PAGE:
There has been broad agreement for years among scientists at FDA and drug developers about the feasibility of using adaptive trial designs to increase the probability of success while reducing the time and cost of clinical development.

Yet despite the clear and urgent need to break free of the frequentist trial paradigm, use of alternative approaches such as Bayesian statistics to learn from and modify a trial while it is underway have been confined to the pages of academic journals and conference presentations. Instead, a combination of regulatory uncertainty and inertia has prevented the adoption of adaptive techniques.

"One of the barriers to advancing the science of drug development may be the regulatory process itself, which establishes tried and true benchmarks for measuring safety and efficacy that few sponsors are willing to veer from, even if a better approach clearly exists," Scott Gottlieb, FDA's deputy commissioner for medical and scientific affairs, told BioCentury.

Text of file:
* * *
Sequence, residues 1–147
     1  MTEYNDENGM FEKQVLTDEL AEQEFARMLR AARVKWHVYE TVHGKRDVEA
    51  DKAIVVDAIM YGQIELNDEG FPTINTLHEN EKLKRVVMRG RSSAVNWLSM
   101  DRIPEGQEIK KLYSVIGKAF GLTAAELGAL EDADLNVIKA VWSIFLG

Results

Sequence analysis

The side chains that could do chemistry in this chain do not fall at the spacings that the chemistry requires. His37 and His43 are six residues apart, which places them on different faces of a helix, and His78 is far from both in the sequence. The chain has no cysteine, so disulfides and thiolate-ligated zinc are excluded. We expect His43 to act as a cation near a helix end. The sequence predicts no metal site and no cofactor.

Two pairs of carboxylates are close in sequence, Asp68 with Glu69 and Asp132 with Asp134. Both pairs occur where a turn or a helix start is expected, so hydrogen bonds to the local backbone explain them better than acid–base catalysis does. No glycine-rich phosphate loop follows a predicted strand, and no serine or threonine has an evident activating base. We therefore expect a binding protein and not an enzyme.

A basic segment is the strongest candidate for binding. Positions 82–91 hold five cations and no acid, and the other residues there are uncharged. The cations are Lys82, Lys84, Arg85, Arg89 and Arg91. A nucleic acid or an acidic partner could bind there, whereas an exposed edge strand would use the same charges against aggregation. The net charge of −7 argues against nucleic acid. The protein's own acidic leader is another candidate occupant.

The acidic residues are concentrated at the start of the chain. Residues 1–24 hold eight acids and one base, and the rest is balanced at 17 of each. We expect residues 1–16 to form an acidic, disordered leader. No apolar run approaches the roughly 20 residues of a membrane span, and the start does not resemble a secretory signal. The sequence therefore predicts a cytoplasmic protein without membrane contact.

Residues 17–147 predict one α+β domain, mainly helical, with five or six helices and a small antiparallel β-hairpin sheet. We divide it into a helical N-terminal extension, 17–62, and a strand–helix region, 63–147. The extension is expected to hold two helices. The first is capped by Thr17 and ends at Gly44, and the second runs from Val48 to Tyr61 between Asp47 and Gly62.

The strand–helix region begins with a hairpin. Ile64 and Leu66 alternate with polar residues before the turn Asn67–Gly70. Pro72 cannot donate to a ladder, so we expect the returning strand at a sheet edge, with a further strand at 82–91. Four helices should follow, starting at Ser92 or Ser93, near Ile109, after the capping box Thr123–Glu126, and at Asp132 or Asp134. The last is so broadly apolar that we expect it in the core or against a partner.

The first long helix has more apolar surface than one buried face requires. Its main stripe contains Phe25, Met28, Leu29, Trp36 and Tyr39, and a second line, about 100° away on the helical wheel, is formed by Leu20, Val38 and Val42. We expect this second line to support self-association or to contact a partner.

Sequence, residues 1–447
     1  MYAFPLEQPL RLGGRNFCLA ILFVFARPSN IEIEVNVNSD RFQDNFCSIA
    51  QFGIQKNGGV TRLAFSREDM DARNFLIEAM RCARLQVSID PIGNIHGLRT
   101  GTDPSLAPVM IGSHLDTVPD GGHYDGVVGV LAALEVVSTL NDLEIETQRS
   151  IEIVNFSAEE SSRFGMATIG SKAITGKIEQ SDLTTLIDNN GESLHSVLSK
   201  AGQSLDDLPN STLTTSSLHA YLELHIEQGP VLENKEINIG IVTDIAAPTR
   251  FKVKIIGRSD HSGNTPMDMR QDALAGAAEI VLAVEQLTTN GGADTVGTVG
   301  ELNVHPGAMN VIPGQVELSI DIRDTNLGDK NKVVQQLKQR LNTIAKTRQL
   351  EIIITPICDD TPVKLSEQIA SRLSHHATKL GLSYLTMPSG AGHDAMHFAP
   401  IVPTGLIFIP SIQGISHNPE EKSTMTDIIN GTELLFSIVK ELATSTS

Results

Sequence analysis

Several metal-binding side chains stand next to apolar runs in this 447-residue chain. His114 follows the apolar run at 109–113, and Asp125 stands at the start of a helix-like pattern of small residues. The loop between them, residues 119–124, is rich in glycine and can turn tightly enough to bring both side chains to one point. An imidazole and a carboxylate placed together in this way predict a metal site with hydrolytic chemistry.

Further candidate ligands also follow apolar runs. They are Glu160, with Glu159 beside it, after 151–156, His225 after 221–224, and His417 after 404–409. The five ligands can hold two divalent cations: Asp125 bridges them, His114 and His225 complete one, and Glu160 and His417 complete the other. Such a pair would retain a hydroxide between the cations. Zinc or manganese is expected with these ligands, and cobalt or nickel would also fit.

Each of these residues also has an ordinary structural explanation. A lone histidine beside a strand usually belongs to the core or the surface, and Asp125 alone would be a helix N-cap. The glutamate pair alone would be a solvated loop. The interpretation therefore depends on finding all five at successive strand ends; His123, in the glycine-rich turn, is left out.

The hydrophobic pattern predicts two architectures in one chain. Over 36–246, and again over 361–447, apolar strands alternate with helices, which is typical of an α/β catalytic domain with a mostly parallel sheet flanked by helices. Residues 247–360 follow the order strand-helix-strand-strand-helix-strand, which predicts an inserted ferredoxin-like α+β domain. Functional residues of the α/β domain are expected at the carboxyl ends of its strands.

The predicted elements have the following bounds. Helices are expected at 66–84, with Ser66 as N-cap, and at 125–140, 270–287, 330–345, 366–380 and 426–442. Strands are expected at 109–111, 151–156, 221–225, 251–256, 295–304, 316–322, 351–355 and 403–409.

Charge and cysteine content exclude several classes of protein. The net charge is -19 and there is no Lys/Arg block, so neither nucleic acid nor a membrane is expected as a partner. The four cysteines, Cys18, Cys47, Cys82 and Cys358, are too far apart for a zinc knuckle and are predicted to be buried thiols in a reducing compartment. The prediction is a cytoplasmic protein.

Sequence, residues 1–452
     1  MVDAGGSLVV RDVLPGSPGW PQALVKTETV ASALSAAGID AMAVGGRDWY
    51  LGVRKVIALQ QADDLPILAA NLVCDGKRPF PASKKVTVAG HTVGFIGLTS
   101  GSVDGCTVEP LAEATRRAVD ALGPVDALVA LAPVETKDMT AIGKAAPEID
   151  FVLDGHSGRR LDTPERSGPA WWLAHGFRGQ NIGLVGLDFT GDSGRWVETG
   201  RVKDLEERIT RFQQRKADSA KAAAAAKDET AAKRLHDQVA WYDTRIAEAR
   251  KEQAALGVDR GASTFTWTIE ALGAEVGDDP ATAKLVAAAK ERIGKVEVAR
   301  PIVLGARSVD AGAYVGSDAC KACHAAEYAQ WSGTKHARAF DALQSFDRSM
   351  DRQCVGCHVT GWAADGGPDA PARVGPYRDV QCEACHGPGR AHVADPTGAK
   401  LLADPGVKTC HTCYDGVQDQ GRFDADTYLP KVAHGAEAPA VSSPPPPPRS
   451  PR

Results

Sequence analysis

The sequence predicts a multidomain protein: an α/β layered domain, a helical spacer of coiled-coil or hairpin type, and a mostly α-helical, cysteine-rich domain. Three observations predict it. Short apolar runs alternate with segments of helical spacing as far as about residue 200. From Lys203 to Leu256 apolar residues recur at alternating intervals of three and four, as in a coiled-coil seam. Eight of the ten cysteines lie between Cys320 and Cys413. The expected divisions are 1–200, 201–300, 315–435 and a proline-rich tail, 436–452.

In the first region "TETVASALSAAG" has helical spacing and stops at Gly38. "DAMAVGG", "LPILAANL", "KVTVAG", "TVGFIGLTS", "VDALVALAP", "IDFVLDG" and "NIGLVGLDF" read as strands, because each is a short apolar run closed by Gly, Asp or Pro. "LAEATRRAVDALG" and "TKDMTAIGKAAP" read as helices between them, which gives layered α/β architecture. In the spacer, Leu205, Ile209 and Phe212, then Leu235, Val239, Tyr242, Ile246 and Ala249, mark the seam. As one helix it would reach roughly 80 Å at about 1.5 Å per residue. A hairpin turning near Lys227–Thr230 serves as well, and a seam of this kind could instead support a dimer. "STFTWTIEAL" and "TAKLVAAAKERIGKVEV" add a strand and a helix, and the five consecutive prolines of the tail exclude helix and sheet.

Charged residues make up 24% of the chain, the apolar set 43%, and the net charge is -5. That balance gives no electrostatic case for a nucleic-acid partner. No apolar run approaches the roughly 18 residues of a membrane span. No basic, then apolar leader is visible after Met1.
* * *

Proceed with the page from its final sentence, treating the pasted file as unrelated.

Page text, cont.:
Regulators and industry are finally moving to break the logjam.

FDA is developing a series of guidance documents designed to help companies gain approval of products based on adaptive trial designs that permit them to conduct and act on interim analyses and to dynamically adjust doses, sample sizes or randomization (see Cover Story).

Meanwhile, Wyeth is making itself a case study for closing the gap between theory and practice. The pharma company is hoping to use adaptive trials first to supercharge Phase II trials, and in the long-term, believes its "Learn & Confirm" approach could help erase the boundaries between Phase II and III studies.

First hit

In theory, drugs could be approved based on trials in which the dose, study duration, primary endpoint and proposed label indication were not established when the trial started.